International asset manager Robeco announced the introduction of ocean sustainability and phasing out hazardous chemicals as two new focus themes that it will be discussing with companies in its 2024 engagements, in addition to stepping up pressure on high carbon companies to align with climate goals, and engaging with fashion companies to address key sustainability issues in the sector.
According to Robeco, each of its engagement topics were selected following consultation with clients. The asset manager’s sustainable investment engagements typically run for three-year periods, with engagement specialists in contact with selected investee companies to track progress against objectives.
Peter van der Werf, Head of Engagement at Robeco, said:
“We listened to our clients, and that’s why we’ve changed our approach.”
Robeco’s new ocean biodiversity theme will target approximately six companies assessed as having a significant impact on sea life, such as aquaculture and fisheries, focusing on issues including maritime pollution and overfishing. The company will also engage on the impact of deep sea mining, largely through its involvement in biodiversity-focused investor engagement group Nature Action 100.
The hazardous chemicals theme will also target around six companies, with a particular focus on phasing out PFAS. Widely known as “forever chemicals,” PFAS are a group of chemicals that have been in use in a wide range of consumer and industrial products since the 1940s, and are commonly found in food packaging, fabrics, kitchenware products, fire-fighting foam, and electronics, among other products. The chemicals tend to be very persistent, and don’t break down over time, and have been found to accumulate in the human body and in the environment.
Sylvia van Waveren, Robeco’s Senior Engagement Specialist responsible for dialogue with the chemicals industry, said:
“Both ocean biodiversity and hazardous chemicals have a focus on the planetary boundaries, which are way out of the safe zone.”
Under its ongoing “acceleration to Paris” theme, initially launched in late 2021, Robeco said that it will place a greater emphasis on speeding up the transition of business models to meet the Paris Agreement temperature goals, targeting high-carbon companies lagging behind in the net-zero transition. Robeco said that it will set minimum standards for 42 companies, with 2026 and 2028 deadlines for developed world and emerging markets companies, respectively, with potential exclusions to be put in place if the standards are not met.
Cristina Cedillo, Senior Engagement Specialist responsible for coordinating climate engagement at Robeco said that the minimum standards for the climate theme include “reporting emissions data for Scope 1 and Scope 2 and subsequently setting targets for emissions reductions.”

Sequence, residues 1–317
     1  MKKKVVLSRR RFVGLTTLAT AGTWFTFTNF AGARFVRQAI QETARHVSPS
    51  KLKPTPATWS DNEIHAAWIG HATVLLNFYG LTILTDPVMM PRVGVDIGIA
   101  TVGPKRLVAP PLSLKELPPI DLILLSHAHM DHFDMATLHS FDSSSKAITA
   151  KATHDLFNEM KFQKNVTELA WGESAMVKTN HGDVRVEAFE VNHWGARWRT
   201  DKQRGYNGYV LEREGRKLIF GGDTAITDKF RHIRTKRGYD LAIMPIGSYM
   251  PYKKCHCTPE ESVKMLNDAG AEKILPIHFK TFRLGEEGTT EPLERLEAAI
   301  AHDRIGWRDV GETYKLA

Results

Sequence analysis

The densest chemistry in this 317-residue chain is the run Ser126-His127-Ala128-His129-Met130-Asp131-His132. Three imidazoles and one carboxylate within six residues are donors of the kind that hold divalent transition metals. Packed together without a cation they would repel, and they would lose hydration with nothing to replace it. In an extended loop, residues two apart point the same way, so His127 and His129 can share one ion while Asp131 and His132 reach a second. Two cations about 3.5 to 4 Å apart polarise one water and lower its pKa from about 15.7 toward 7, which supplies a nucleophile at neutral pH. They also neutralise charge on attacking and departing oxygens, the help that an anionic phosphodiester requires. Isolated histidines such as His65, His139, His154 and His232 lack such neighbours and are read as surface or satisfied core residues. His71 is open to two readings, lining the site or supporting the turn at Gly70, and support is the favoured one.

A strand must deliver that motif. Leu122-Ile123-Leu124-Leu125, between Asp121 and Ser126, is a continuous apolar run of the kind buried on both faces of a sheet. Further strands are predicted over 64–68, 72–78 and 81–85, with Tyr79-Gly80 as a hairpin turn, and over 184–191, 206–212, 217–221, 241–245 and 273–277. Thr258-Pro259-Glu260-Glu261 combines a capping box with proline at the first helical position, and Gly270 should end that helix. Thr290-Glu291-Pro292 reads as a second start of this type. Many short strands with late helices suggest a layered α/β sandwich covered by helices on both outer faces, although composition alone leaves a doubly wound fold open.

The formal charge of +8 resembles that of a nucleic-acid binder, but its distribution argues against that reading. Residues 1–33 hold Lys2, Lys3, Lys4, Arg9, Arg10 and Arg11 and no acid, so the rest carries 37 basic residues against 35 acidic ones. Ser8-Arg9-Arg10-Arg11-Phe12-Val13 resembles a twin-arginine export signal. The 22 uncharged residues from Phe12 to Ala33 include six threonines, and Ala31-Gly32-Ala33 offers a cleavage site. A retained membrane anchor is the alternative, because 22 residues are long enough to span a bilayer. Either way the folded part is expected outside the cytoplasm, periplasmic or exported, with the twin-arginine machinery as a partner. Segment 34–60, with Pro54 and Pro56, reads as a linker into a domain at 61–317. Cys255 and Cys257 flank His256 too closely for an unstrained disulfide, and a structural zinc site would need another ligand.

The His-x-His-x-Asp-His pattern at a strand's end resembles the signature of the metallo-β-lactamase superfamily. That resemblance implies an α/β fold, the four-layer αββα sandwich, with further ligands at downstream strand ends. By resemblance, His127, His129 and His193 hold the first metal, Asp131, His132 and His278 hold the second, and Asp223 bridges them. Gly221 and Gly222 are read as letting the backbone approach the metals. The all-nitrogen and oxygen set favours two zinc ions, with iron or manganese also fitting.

“In addition, we expect oil and gas companies to set methane targets, which is something that we don’t have yet. Finally, we also need companies to commit to no new coal expansion. All these criteria are part of our enhanced engagement program, which means that a company could be excluded if we were to conclude our engagement as non-effective.”
The sustainable fashion theme follows the recent launch by Robeco of the Fashion Engagement Equities Strategy, aimed at enabling investors to meet the dual objectives of earning attractive investment returns while promoting sustainability-focused change in the fashion industry. The fund aims to invest in 30 to 40 publicly listed companies across the entire fashion value chain, with a view to engaging with each portfolio company on improving sustainability, across key areas including decent work, natural resource stewardship, circular models, stakeholder management, and governance & policies.
van der Werf added:
“We used to do a deep dive on a peer group of companies, put them into an engagement theme, and then end the themes at the same time. Now we’re really planning to add companies on a rolling basis when our investment and sustainability research indicates the need for engagement.
“So, we’ll continue with what we call our ‘evergreen’ engagement themes of climate, biodiversity, human rights and governances. “It’s all an ongoing process, but with a focus on engaging where the most urgent issues will arise for companies in our strategies next year.”